Usually when an actor needs to get a Hollywood Body™ for a role, it means cutting to unbelievable, unsustainable, but admittedly impressive levels of body fat. (Ryan Reynolds is said to have hit three percent for Blade: Trinity.)

When the priority is looking ripped — and hey, film is a visual medium, so we get it — celebrities typically focus more on fat loss and calorie restriction than giant deadlifts, but some take their strength more seriously. Here are some of the most impressive feats of strength we’ve seen by the most noteworthy stars of screen.

1. Jim Parsons: One-Armed 400-Pound Sled Pulls

The man best known as Sheldon from The Big Bang Theory has built the kind of superhero strength his character would envy. This isn’t the first time we’ve seen serious feats from the 43-year-old: earlier this year he posted a 725-pound sled push and 425-pound sled rows. With any luck, Parsons will inspire more young athletes to learn about the full-body benefits of sled training.

2. Henry Cavill: A 435-Pound Deadlift

“It’s not just the kind of training that makes you look pretty,” Henry Cavill said of his Man of Steel workouts. “It’s the kind of training that, first and foremost, is useful.”

Cavill was sent to train at Gym Jones, the same facility that trained the actors from 300, to prepare for his breakout role in Man of Steel. To promote the film, Cavill and his trainer Mark Twight revealed to Muscle and Fitness that he maxed a deadlift at 435 pounds, a back squat at 365 pounds, and ten sets of ten front squats at 225 pounds.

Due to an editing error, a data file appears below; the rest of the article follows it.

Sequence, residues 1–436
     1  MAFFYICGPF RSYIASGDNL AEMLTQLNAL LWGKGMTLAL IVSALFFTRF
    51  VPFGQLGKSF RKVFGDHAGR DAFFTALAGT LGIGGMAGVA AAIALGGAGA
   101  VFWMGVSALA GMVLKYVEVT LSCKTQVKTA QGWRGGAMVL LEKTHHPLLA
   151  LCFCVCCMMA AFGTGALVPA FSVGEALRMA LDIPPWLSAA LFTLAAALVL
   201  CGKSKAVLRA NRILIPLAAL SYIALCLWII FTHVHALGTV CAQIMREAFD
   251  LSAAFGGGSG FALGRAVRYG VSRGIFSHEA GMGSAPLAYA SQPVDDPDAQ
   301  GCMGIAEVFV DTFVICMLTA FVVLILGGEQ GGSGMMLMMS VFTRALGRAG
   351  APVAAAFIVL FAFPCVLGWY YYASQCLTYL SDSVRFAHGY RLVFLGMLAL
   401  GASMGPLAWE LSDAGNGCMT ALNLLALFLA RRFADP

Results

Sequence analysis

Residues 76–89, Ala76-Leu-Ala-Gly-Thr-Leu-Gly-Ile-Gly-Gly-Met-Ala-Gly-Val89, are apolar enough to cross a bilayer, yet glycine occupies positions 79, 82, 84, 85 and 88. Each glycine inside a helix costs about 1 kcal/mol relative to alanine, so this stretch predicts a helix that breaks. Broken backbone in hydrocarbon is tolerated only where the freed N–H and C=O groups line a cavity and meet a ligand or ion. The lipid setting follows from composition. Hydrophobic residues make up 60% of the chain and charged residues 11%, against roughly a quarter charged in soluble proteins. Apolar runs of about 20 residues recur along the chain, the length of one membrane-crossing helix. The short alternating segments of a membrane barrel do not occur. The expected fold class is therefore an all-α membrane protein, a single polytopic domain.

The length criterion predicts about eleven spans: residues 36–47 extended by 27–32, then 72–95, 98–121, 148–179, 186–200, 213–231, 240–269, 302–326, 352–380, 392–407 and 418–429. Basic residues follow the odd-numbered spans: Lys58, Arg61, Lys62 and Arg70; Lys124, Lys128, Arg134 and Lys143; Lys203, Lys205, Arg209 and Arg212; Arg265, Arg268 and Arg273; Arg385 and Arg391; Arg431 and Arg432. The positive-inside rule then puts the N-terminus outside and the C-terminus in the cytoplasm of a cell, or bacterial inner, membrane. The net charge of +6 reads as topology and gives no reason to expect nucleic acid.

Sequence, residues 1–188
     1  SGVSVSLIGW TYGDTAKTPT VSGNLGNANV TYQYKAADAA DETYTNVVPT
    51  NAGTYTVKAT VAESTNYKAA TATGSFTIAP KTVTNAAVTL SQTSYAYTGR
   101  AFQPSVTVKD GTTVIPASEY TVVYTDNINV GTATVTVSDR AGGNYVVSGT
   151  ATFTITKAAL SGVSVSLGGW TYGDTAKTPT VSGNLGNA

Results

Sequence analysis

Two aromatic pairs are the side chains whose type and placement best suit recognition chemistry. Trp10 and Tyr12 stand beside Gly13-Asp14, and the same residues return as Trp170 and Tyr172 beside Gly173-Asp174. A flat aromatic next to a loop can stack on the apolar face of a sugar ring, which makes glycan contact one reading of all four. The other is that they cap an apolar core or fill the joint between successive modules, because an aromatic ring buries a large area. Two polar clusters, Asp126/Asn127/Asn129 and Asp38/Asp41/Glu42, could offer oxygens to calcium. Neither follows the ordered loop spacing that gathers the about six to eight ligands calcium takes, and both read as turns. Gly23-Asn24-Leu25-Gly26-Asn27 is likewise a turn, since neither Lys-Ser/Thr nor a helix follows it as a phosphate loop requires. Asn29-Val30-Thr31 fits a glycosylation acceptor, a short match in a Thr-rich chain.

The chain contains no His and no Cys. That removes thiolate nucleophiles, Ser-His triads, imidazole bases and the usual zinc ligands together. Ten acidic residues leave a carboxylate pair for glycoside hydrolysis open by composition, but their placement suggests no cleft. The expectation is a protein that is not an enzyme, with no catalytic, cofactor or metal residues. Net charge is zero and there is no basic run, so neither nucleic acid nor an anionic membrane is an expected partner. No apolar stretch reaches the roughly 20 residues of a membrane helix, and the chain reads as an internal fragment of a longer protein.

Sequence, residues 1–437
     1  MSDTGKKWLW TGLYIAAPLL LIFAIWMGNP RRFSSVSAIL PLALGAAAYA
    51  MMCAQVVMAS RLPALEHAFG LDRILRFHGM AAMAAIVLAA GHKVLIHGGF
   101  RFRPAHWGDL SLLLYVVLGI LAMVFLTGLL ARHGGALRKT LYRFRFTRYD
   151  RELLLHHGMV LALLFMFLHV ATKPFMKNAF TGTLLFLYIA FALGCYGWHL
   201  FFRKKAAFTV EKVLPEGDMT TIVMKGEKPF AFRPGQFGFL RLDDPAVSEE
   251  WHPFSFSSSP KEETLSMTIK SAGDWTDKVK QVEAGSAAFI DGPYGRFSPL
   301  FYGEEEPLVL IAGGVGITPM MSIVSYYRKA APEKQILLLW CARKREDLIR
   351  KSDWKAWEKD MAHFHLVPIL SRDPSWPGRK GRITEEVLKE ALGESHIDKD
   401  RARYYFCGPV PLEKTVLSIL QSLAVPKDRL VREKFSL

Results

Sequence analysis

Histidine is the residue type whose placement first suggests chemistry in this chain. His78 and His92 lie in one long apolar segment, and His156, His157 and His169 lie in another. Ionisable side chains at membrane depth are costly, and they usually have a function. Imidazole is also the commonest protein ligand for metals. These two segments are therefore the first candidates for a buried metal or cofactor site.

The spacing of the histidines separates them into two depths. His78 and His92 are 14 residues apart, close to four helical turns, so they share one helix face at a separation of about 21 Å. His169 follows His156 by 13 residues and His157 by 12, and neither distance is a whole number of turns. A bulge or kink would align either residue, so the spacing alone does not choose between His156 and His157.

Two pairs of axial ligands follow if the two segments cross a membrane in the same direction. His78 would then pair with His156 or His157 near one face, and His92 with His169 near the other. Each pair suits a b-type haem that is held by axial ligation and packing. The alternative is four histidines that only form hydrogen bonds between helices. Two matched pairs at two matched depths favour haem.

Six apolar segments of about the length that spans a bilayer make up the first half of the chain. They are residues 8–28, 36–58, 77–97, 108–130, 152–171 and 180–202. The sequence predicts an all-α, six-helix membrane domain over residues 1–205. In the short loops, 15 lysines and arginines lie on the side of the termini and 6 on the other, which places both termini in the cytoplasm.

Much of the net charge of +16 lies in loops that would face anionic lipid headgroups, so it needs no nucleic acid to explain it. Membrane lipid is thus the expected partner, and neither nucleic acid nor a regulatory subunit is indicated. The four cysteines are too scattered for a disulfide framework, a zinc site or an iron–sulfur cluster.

3. Kate Upton: 200-Pound Hip Thrusts

The supermodel and star of The Other Woman knows that strength builds the best foundation for curves. Like Jim Parsons, she’s coached by Ben Bruno who has posted a lot of her glute workouts, including paused banded hip thrusts, trap bar deadlifts, heavy landmine squats and sled drags. We’re betting she could out-lift any other Sports Illustrated cover model.

Image via Jason Statham on Facebook.

4. Jason Statham: The Human Flag

A former competitive diver, Statham has described himself as a big fan of being in “prison shape” as opposed to “gym shape,” and while he’s known to use practically any piece of workout equipment on Earth (including kettlebells and sandbags), he also employs a lot of high-intensity calisthenics to help him build an action hero body.

“They didn’t have the big, fat machines you have in the typical gym,” he said of a research trip to a Californian prison. “These guys were using their own bodies for lifts, pull-ups, sit-ups, and squats. They employed full bodyweight exercises and old-school gym techniques that seemed to work wonders.”

5. Jason Momoa: 2 Reps of 88-Pound Weighted Pull-Ups at 230 Pounds Bodyweight

Sorry, Jason, we couldn’t quite count that last rep, but the 6’4″, 230-pound Dothraki is showing some insane pulling strength as he trains for his role as Aquaman in the upcoming Justice League movie. He didn’t provide numbers, but he also appears to be using all of the weight in the machine for these one-armed lat pulldowns as well. At this rate, Aquaman will be able to swim with his lats like a manta ray.

6. Kevin Hart: 3 Reps of a 225-Pound Bench Press at 150 Pounds Bodyweight